[CentOS] how do I make my headset work

Wed Jun 10 13:10:14 UTC 2015
Lamar Owen <lowen at pari.edu>

On 06/05/2015 05:26 PM, John R Pierce wrote:
> On 6/5/2015 2:19 PM, g wrote:
>> sennheiser, klipsch, jbl, bose, Monster, beats audio.
> those are more audio/stereo headphones, and not known as makers of 
> headsets with integral microphones.    I'd delete Monster, Beats, and 
> add Sony (specifically the MDR7506) to that list :)   oh, and Grado Labs.
+50 for Sennheiser.  They make excellent pro-quality headsets, and mics, 
for that matter, such as the legendary MD 421.  I can't say about their 
prosumer or consumer gear, since if I'm going to buy Sennheiser I'm 
going to, you know, 'buy Sennheiser.'  But the HME 26 and HMDC 26 
headsets are top-rated, and cost accordingly (with tax, about $500).  I 
know of many radio stations who use Sennheiser headsets in heavy RFI 
environments (a 50KW AM with the studio co-located with the transmitter 
qualifies as 'heavy RFI') with no issue.  These are of course balanced 
output mics.  The HME is a condenser (with pro-level 48VDC phantom 
power), and the HMDC is a dynamic.  See 
for the manual.

Several companies over the years have built excellent headsets around 
the Shure SM10 and variants, but, like with the HMDC 26 above and any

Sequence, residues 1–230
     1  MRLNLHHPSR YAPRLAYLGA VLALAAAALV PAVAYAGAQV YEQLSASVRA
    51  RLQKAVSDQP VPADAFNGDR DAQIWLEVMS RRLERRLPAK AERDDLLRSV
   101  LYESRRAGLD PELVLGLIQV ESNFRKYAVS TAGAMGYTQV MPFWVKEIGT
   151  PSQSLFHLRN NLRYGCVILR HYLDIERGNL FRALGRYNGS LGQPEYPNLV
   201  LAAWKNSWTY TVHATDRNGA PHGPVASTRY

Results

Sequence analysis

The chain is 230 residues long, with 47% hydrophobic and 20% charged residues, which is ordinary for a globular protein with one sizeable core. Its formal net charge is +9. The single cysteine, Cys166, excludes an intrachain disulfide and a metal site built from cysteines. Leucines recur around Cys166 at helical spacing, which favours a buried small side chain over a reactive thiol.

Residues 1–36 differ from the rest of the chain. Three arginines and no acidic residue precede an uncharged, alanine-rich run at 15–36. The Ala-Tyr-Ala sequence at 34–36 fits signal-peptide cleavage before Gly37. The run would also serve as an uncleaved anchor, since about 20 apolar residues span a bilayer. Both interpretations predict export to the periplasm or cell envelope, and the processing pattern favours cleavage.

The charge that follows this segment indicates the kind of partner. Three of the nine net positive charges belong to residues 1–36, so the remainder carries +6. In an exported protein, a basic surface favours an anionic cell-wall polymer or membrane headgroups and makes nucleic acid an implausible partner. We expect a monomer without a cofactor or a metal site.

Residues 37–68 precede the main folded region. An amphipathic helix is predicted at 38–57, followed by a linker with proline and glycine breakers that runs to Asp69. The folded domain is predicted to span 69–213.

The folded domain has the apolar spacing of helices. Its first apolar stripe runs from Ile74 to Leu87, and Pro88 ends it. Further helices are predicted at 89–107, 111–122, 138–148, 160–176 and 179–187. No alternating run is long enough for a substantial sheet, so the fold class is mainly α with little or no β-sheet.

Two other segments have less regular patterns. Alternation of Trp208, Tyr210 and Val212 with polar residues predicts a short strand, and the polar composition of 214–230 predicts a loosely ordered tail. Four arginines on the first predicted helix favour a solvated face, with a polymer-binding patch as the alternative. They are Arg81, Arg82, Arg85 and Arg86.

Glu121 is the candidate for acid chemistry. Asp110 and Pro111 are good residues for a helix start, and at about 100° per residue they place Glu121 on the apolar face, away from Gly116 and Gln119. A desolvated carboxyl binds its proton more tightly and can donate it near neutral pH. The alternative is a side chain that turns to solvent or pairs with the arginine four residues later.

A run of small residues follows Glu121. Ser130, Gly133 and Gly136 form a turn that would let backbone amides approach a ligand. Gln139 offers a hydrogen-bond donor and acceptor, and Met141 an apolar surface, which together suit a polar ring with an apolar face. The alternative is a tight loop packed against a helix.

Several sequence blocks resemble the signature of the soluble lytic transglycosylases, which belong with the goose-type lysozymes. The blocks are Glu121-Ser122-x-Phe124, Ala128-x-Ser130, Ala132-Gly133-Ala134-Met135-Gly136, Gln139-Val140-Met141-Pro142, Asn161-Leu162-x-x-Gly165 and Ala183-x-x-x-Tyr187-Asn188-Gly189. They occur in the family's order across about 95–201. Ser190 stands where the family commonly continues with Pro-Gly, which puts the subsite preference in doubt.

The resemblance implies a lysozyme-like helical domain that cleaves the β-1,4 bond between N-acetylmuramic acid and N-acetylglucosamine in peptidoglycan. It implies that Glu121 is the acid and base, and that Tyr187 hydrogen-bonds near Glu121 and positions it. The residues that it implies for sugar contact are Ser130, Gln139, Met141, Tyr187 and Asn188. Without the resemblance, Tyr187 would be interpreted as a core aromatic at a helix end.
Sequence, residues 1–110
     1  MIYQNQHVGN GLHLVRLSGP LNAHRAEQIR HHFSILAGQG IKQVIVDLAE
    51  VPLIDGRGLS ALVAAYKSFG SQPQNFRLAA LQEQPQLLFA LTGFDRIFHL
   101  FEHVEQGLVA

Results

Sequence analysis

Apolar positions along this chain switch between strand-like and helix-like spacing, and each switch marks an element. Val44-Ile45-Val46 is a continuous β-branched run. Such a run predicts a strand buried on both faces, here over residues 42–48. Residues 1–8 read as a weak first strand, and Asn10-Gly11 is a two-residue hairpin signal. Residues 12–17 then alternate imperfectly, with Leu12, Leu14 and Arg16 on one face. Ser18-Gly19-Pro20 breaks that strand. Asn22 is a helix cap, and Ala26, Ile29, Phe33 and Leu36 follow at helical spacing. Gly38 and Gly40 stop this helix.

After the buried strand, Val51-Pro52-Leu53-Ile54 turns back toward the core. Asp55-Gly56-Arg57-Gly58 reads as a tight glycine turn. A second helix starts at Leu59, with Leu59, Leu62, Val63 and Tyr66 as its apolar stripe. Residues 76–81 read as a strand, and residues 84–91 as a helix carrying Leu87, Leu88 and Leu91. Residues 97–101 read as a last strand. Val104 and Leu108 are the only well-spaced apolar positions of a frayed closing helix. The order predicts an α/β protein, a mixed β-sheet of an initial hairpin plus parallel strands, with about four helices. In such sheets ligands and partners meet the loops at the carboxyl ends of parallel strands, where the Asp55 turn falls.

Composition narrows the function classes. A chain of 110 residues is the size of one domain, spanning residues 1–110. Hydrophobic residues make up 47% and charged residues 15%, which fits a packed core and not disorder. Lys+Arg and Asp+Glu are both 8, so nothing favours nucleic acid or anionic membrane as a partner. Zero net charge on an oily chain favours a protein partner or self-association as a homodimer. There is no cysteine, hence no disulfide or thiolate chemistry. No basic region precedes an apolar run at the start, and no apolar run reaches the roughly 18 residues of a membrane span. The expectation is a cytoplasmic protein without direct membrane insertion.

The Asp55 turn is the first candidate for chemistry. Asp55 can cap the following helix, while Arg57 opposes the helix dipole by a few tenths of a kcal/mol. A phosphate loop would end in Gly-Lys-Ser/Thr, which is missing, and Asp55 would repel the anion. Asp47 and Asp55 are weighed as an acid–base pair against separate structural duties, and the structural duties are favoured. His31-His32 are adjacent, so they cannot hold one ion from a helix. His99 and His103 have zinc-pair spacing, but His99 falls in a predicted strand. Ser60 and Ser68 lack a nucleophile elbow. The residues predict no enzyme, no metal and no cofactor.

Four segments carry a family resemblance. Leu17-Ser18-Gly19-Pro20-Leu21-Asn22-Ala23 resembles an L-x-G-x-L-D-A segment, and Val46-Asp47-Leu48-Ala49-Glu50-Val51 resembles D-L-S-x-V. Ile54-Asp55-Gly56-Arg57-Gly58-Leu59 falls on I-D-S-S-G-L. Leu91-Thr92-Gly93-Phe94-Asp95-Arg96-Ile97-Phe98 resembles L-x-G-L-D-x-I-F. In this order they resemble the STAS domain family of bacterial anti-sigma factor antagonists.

other small-diaphragm dynamic you need top-end high-gain preamps to 
effectively use them (signal level is directly proportional to diaphragm 
size).  I have an SM10, and the preamp is critical for low-noise 
performance of that mic.  You could probably get a used or NoS SM10 for 
$150 or so without any issue, but the preamp will cost at least that 
much to bring it up to a signal level your laptop can use.

For day-to-day use I use an older GE headset with a reasonable electret 
condenser mic that can be powered by consumer-grade phantom sources like 
a typical laptop mic input or devices like my Edirol R-09.  I used to 
directly record on my laptop, but I found that using the R-09 and its 
pro-grade 24-bit converters, then doing production on my CentOS laptop, 
using Harrison Mixbus, gave me far better quality than using my so-so 
laptop mic input and sound card.

Hum can come from many sources, but most PC motherboard sound cards 
aren't known for the quality of their preamps, and it would not surprise 
me if the preamps themselves are the source of the hum. Since you're 
using a desktop, you have some really nice options for audio interfaces; 
certain older MAudio Delta cards come very highly recommended; I have 
one of the Delta 1010LT cards that actually still works with Linux, and 
it has superb quality.  A source for more info on high quality audio 
interfaces can be found in multiple places, but I'd actually recommend 
you search the archives of the Rivendell broadcast station automation 
package mailing lists for recommendations; see